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Genetic relation of lobular carcinoma in situ, ductal carcinoma in situ, and associated invasive carcinoma of the breast
  1. H Buerger1,
  2. R Simon1,
  3. K-L Schäfer1,
  4. R Diallo1,
  5. R Littmann1,
  6. C Poremba1,
  7. P J van Diest2,
  8. B Dockhorn-Dworniczak1,
  9. W Böcker1
  1. 1Gerhard-Domagk- Institute of Pathology, University of Münster, Domagkstr. 17, 48149 Münster, Germany
  2. 2Institute of Pathology, Free University of Amsterdam, De Boelelaan 1117, Amsterdam, The Netherlands
  1. Professor Böcker email: boeckew{at}


Aims—The mutual relation of lobular carcinoma in situ (LCIS) and ductal carcinoma in situ (DCIS) of the breast, as accepted precursor lesions of invasive breast cancer, is controversial. Because they display genetic heterogeneity, it is not clear how genetically advanced these entities are and what causes the transition to an invasive carcinoma.

Methods—Six cases of LCIS, four of them with associated lobular invasive carcinoma, four cases of intermediately differentiated DCIS with an associated invasive lobular carcinoma, and nine cases of intermediately and poorly differentiated DCIS with associated ductal invasive carcinoma were investigated by means of comparative genomic hybridisation (CGH) after microdissection and immunohistochemical staining of E-cadherin.

Results—LCIS was characterised by a low average rate of copy number changes, no evidence of amplifications, and a high rate of gains and losses of chromosomal material at 1q and 16q, respectively. A high degree of genetic homology with well differentiated DCIS was obvious, as reported previously. The cases of intermediately differentiated DCIS with associated lobular invasive components and lobular differentiation revealed striking homologies, and a significant difference of E-cadherin expression. The comparison of preinvasive and invasive breast lesions, irrespective of differentiation within the same patient, revealed no specific alteration that might be associated with invasion. Genetic alterations seen in invasive carcinoma were not necessarily seen in the adjacent precursor lesions.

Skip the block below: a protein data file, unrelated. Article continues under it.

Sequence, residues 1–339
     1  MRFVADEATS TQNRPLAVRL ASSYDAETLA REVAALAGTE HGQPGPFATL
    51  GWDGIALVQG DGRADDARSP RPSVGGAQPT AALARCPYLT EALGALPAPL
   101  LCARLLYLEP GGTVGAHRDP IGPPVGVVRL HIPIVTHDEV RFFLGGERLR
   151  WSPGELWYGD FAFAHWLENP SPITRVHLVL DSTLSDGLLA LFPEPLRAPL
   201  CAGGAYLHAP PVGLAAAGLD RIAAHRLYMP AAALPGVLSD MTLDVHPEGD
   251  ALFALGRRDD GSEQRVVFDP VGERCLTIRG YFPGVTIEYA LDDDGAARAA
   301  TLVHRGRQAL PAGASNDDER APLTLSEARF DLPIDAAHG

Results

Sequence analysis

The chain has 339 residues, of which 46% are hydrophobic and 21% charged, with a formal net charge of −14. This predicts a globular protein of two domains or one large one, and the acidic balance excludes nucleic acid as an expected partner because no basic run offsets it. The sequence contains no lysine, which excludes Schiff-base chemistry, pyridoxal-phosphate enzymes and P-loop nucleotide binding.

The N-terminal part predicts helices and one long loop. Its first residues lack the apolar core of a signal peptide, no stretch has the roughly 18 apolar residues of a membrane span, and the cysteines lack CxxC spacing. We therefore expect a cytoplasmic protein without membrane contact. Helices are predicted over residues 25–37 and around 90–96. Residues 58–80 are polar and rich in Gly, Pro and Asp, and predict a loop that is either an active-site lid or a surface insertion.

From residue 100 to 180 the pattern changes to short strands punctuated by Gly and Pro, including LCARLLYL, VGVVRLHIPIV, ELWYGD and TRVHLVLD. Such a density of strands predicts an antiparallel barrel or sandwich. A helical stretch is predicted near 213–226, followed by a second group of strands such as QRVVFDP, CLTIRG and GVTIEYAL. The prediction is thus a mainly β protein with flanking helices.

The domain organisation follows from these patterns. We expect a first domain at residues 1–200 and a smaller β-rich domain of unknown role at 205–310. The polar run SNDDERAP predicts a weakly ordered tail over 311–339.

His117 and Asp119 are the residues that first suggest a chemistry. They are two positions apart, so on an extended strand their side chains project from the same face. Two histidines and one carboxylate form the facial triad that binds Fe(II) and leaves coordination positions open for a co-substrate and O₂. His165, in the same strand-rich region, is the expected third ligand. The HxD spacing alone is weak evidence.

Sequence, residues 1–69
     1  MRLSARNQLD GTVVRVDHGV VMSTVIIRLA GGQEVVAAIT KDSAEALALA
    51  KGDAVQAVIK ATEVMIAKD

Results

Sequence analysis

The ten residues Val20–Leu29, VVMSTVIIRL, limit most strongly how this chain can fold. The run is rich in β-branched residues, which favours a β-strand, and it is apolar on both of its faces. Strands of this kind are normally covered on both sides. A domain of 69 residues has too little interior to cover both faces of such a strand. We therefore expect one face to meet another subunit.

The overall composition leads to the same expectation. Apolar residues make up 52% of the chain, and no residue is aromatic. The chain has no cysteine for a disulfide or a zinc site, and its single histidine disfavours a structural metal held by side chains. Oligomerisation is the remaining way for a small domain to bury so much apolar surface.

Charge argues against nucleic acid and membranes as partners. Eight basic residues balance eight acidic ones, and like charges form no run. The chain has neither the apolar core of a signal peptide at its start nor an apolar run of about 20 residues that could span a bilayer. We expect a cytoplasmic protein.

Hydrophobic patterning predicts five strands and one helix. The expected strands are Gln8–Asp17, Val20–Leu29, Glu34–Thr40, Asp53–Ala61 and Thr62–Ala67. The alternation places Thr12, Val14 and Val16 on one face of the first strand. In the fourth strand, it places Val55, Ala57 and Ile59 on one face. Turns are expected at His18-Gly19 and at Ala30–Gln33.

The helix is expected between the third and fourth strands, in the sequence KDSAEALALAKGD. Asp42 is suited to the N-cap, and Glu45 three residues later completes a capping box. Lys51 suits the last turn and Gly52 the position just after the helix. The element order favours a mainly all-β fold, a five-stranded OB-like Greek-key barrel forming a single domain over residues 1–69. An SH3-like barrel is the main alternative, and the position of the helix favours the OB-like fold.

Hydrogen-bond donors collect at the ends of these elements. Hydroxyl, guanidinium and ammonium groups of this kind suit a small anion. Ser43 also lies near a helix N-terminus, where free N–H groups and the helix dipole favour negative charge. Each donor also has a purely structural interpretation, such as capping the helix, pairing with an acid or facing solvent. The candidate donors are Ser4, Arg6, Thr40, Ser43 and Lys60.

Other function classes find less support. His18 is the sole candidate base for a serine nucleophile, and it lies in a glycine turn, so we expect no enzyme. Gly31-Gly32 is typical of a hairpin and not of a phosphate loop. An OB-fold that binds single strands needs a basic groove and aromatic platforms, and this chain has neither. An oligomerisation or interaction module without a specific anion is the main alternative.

Conclusions—These results provide strong evidence that invasive breast cancer is a disease with multiple cytogenetic subclones already present in preinvasive lesions. Moreover, specific CGH alterations associated with invasion were not observed. Furthermore, the close genetic association between well differentiated and a subgroup of intermediately differentiated DCIS and LCIS led to the hypothesis that LCIS and a subgroup of DCIS are different phenotypic forms of a common genotype.

  • lobular carcinoma in situ
  • ductal carcinoma in situ
  • invasion

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